Could Jeremy Hellickson and Enny Romero Be Traded?


Right now, the Tampa Bay Rays have questions surrounding them, perhaps to the greatest extent since 2008. One thing we don’t wonder about, though, is their starting pitching depth. Next season, Alex Cobb, Chris Archer, Drew Smyly, Jake Odorizzi, and Matt Moore will compose one of the best rotations in baseball. Moore won’t be back until June or so, but Jeremy Hellickson can fill that spot until then if not a younger option. Now is certainly not the best time to discuss Nate Karns and Alex Colome after the duo allowed 10 runs yesterday. Nevertheless, between them, Matt Andriese, and any starter the Rays could find on a minor league deal, it is difficult to imagine any scenario where the Rays can’t find a serviceable fifth starter for a couple of months. Since the Rays have all the starting pitchers they need, if the right opportunity arises to make yet another trade, they won’t hesitate to do so. This deal won’t be quite like the trades that sent David Price, James Shields, and Matt Garza out of town, but it could be interesting in its own right.

Jeremy Hellickson has been inconsistent since coming back from arthroscopic elbow surgery in June. Nevertheless, as reported by Nick Cafardo, teams still see his potential.

"As teams start putting together lists of pitchers who could be had in trade this offseason, Hellickson’s name has been surfacing. The Rays may be thinking otherwise, but one AL team believes that the Rays could make another Wil Myers–Jake Odorizzi for James Shields–Wade Davis type of deal centering around Hellickson, who is still just 27 and inexpensive."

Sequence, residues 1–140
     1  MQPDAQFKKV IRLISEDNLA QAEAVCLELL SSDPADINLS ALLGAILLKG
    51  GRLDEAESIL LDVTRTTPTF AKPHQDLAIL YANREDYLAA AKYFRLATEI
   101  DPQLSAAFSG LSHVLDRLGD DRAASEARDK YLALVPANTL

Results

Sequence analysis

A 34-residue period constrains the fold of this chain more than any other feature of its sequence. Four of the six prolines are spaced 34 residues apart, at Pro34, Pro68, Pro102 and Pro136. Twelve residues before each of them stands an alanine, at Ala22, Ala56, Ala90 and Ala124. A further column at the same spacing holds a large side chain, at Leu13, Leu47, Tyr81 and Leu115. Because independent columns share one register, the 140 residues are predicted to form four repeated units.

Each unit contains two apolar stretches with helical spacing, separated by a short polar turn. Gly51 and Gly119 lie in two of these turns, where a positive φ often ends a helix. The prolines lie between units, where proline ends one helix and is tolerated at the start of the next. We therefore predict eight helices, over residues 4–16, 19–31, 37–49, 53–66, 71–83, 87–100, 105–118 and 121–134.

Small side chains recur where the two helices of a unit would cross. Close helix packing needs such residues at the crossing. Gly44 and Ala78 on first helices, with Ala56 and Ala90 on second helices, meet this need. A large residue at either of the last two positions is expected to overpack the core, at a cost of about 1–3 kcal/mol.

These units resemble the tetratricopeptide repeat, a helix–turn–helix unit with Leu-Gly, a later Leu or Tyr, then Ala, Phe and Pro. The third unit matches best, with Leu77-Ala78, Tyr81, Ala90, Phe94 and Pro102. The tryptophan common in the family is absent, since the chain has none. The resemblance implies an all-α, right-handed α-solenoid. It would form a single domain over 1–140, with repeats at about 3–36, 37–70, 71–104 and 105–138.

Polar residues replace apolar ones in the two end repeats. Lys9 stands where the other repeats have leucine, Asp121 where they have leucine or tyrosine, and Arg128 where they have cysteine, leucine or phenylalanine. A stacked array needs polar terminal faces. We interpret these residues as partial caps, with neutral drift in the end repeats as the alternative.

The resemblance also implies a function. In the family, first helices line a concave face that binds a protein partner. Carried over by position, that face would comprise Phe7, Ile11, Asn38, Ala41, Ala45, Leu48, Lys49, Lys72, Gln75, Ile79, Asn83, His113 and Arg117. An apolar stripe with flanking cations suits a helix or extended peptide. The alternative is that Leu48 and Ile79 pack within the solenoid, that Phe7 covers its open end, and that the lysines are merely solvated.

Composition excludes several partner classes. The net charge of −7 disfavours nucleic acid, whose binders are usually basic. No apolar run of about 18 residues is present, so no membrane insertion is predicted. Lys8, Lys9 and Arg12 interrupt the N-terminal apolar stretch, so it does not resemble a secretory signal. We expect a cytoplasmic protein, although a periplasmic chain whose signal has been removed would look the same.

Hellickson, despite his flaws, stands out to other franchises for a multiplicity of reasons. He is under team control for two more years, has shown effectiveness in the big leagues, has improved his peripherals over time, and could be acquired at a lesser price than he is really worth. Hellickson seems unlikely to turn into a 200-inning workhorse, but there is a chance that he can get back to being that low-3.00’s ERA pitcher for 175 or 185 innings. For the Rays, they don’t have an incentive to trade him until his value recovers–they can accommodate him in their rotation to begin 2015, and his value could be significantly higher if he pitches well for a few months. On the other hand, there was talk of Hellickson being traded in the 2012 offseason when his value was at its highest, and the Rays have paid dearly for not dealing him then. With that in mind, when Hellickson will be traded will come down to the offers that the Rays receive. The good news, though, is that like putting Wade Davis in the James Shields trade, the Rays have a player who they can use to sweeten any offer they get when the deals do come: Enny Romero.

Trading Enny Romero is something that the Rays have considered before. Right before the David Price trade took place, Romero’s name came up as someone that the Rays were hypothetically willing to deal. That should still be the case now. Romero is a high-upside pitcher, but the Rays have waited years for him to break through and it has not happened. As a 23 year old at Triple-A Durham, he went 5-11 with a 4.50 ERA, striking out 117 while walking 52 in 126 innings. His 2.25-to-1 strikeout to walk ratio was actually his best since 2011, so that is a good sign, but his command still needs plenty of work. Romero still has the ability to be a number three starter or even better if given more time to develop, but that is unlikely to happen given the Rays’ pitching depth. At this point, it may be worthwhile for the Rays to cash in on his value and pass on the risk associated with him to somebody else. Even if Romero does eventually find himself, the Rays have enough other arms that it should not make a difference.

Trading Jeremy Hellickson and Enny Romero would certainly yield a lesser return than James Shields and Wade Davis, but it gives the Rays the opportunity to acquire assets of value without losing much from present or future teams. The Rays will certainly be listening on Hellickson this offseason, and if the opportunity arises for them to acquire a player that can improve their team, they will not hesitate to put Romero on the table to close the deal.